What do you have for breakfast?

My ideal breakfast, which does not happen as often as it should, usually consists of an everything bagel with chive cream cheese, lox, red onions and capers, served with 2 sunny side up eggs. This is something I was introduced to by my partner, Harrison, as it is his favorite breakfast as well.

Tam Pham / Tam Tam
Tam Pham / Tam Tam

How would you describe Miami's food scene?

The food scene here is so diverse and vibrant. All the cultures (such as Peruvian, Jamaican, Agrentinian, Cuban, Colombian, etc) that come together to create the fabric that is the Miami food scene all have incredibly rich culinary history. In addition, we have such a talented pool of chefs that work so tirelessly to represent their respective restaurant and the fast growing scene here that I feel so humbled and proud to be a part of it. 

How do you utilize seasonal ingredients?

Like I mentioned earlier, being in South Florida is such a perk from an access to seasonal ingredients standpoint. Even if one wouldn't normally consider South Florida to be a seasonal region, it is very much so. During the summer months when mangoes and lychees are abundant, we would try to put a dessert on the menu utilizing a variety of these fruits. Or our very popular dish lamb wrap situation, which is basically lamb patties wrapped around by large betel leaves. Betel leaf plant is not seasonal in Vietnam, where the weather is more consistent, but in South Florida it is since during the colder drier winter months the plant grows very slowly, which results in much smaller leaves, making it impossible to wrap the lamb in. Another seasonal ingredient that I absolutely love is soft shell crabs, which the season runs from April to September. Last summer when I sourced them live from Maryland, everyone absolutely loved it. We would beer battered fry them, then served with kaffir lime aioli, dill oil, and a spicy herb salad on top. Seasonal ingredients are just so exciting.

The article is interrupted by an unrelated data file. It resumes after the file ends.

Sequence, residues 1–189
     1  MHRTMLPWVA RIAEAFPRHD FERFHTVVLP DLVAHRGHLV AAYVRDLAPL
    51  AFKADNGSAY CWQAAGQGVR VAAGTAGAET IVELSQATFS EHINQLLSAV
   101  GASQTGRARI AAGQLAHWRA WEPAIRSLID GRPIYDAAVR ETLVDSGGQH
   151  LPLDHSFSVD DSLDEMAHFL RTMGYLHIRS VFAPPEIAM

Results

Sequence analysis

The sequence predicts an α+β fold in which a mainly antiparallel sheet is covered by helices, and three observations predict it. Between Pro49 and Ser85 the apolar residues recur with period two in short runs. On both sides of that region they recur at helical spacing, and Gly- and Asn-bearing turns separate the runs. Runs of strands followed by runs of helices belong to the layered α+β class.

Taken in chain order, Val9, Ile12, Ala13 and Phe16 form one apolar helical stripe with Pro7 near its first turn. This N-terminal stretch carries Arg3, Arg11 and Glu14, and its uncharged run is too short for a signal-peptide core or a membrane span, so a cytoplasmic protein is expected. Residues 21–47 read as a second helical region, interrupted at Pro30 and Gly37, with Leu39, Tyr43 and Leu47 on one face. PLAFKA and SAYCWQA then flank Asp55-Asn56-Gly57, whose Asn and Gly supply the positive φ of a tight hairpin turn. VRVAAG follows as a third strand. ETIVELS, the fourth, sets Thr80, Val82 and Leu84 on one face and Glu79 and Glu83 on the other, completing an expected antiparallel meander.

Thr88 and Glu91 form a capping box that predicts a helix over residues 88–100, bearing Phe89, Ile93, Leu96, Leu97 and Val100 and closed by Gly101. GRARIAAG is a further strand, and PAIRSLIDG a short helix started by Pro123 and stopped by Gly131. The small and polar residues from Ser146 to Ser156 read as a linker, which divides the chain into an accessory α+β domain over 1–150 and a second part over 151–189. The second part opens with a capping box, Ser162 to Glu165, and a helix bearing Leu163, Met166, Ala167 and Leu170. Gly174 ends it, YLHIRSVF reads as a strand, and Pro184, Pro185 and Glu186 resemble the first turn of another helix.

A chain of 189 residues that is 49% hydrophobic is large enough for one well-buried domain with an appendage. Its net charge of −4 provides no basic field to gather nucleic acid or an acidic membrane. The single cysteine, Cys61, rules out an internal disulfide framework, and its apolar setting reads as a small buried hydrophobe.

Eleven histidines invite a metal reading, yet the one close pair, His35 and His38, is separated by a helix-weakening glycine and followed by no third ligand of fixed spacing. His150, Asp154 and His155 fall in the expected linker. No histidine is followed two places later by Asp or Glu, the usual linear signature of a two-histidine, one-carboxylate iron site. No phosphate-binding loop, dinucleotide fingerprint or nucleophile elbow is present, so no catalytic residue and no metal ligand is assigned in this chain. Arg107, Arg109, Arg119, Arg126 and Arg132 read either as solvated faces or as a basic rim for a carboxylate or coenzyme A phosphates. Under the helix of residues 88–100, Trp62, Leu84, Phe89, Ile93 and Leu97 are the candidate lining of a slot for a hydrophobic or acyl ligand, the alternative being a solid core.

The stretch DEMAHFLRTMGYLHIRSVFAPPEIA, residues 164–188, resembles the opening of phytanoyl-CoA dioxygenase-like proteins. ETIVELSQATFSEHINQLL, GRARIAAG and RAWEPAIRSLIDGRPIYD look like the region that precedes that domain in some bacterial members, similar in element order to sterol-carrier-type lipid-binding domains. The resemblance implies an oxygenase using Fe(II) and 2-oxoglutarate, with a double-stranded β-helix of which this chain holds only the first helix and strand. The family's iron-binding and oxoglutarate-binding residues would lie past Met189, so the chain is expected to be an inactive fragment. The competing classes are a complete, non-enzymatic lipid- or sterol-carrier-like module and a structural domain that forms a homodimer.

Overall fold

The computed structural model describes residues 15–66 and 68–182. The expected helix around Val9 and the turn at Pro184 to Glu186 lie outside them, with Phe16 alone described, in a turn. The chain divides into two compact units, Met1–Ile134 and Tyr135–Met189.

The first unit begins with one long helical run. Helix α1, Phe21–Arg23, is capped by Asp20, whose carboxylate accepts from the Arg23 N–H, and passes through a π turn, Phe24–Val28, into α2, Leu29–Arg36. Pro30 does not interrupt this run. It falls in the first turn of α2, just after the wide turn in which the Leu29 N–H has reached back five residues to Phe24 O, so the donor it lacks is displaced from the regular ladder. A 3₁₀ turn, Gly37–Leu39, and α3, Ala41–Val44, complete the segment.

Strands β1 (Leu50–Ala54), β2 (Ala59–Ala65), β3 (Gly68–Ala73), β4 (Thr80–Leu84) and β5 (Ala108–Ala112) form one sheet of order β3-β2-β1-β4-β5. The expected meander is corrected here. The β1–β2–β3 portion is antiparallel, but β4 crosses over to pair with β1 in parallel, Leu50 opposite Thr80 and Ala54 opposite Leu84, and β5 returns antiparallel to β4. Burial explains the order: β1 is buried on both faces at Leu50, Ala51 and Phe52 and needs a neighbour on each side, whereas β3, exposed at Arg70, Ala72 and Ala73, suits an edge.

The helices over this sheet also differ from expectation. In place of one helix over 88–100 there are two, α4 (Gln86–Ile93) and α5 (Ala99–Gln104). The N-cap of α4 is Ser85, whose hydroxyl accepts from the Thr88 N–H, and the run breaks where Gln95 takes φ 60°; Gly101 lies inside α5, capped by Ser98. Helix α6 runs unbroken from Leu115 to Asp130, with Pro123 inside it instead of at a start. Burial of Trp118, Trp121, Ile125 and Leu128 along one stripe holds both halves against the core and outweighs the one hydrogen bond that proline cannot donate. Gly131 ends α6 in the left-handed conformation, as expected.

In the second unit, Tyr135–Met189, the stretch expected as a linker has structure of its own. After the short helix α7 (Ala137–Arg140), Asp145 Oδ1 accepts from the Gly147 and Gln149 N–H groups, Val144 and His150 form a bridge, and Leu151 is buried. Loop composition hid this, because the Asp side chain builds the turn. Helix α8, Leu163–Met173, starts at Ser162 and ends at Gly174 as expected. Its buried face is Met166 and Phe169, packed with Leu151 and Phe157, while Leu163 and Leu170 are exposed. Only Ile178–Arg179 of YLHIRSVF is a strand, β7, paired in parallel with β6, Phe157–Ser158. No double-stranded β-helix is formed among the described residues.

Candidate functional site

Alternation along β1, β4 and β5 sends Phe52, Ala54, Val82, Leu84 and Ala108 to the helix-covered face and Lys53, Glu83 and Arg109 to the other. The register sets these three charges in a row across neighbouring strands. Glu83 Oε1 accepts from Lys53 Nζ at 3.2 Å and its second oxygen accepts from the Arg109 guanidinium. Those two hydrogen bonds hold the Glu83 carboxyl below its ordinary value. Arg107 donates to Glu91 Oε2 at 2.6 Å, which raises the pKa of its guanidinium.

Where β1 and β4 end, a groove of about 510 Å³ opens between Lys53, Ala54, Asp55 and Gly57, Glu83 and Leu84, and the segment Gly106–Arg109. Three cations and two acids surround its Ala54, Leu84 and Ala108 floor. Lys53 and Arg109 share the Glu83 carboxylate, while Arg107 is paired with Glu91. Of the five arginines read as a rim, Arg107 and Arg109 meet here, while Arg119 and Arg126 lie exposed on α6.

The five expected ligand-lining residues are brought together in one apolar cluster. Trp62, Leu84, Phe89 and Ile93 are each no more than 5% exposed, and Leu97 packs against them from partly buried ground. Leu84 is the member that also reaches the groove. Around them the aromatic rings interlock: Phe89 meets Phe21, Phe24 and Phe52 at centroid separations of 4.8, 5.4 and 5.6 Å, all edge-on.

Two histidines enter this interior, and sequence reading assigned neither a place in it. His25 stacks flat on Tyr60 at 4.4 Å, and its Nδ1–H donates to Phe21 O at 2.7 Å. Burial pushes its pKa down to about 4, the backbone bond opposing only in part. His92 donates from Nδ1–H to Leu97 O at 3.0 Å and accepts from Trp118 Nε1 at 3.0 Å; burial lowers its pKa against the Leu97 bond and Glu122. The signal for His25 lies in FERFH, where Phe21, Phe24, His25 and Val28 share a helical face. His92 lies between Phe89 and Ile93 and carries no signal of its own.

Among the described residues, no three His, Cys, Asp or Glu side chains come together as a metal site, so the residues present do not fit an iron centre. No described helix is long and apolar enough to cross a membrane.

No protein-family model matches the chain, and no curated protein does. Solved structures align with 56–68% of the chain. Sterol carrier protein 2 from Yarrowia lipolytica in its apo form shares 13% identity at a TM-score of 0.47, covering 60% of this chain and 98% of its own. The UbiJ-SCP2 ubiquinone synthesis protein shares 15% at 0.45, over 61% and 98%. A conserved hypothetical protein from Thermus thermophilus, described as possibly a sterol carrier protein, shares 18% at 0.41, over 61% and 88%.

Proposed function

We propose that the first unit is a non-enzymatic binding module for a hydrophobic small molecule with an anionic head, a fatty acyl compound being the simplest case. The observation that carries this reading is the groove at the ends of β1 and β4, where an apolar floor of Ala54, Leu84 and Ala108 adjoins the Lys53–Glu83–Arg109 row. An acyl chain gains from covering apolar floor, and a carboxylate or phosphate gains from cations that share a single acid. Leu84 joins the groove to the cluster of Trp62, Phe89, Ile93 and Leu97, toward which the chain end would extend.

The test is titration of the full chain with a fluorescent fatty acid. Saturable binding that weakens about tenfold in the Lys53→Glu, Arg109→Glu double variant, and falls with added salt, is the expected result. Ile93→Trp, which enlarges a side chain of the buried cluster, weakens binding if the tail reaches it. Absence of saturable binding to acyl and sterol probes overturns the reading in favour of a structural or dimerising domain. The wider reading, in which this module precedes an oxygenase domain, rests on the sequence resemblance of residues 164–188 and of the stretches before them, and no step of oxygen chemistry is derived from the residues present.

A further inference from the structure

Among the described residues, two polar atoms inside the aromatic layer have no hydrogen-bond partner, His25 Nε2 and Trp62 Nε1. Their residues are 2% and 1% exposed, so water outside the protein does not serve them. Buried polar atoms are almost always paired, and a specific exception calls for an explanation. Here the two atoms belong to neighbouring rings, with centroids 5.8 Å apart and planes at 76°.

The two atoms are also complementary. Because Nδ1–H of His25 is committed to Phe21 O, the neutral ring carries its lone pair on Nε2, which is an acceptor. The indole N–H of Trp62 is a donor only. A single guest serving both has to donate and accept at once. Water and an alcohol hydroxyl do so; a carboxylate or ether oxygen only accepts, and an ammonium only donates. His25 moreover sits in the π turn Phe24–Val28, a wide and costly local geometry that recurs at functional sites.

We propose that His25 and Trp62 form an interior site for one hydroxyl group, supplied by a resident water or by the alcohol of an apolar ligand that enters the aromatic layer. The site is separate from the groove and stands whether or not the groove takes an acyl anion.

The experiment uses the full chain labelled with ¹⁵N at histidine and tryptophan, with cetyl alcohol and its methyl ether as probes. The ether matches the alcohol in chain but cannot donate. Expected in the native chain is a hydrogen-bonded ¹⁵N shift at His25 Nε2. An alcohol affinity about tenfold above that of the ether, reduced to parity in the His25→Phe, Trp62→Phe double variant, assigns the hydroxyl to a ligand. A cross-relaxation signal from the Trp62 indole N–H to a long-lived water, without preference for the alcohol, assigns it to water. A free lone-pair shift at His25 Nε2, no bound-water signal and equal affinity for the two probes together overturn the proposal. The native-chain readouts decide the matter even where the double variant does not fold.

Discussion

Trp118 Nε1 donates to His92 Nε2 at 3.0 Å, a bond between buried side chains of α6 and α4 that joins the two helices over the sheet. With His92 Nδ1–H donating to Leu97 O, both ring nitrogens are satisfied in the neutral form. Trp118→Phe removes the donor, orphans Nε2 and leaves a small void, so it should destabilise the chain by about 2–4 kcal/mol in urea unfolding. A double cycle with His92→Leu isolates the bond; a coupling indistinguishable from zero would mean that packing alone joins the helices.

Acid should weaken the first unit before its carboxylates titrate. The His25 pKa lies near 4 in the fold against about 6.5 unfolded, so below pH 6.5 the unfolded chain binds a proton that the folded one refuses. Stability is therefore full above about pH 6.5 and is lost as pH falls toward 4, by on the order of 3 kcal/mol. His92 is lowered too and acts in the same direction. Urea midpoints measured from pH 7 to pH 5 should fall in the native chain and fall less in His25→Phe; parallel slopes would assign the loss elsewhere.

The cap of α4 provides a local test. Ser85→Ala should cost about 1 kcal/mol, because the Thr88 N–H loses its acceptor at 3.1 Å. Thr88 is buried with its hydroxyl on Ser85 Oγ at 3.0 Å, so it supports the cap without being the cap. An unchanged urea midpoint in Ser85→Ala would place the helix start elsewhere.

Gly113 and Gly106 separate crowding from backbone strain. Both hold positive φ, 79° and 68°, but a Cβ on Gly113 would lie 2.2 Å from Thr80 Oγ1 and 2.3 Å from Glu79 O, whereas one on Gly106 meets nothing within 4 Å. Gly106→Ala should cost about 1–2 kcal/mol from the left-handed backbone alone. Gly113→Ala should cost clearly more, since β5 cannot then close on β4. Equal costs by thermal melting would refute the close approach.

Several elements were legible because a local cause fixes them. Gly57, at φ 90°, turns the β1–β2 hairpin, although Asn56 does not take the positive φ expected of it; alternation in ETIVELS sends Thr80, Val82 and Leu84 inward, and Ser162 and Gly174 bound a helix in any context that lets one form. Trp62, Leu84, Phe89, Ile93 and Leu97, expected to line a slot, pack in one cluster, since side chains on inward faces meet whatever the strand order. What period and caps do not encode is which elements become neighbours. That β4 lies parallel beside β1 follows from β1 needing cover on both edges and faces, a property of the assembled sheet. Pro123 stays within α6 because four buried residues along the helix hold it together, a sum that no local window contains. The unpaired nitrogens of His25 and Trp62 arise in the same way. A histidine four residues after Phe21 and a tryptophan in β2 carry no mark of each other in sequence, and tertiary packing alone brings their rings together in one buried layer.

Do you cook at home, or do you leave work at work?

To be honest, I do not cook at home as much anymore. Since we are an owner operating business, I still handle many big cooking projects in the kitchen such as sauces, curry, and sourcing ingredients in person (Harry and I go to the market 3 times a week for herbs and hard to find dry goods). I cook at home with my sister every now and then, often time for dishes that we miss from our mom's cooking.

Favorite food-related show, book, program, etc?

I love watching all the behind the scenes shows about the day to day life of chefs like "On the Line" by Bon Appetit and Mise En Place by Eater. Some of the trusted food blogs/programs that I credit some of my cooking knowledge to are America's Test Kitchen, Hot Thai Kitchen, and Serious Eats by Kenji Lopez. Honorable mention is Chefs Night Out, which used to be on Vice. Harry and I would have loved to be on the show but it ended not too long ago

Tam Pham / Tam Tam
Tam Pham / Tam Tam

Hero image: Tam Pham / Tam Tam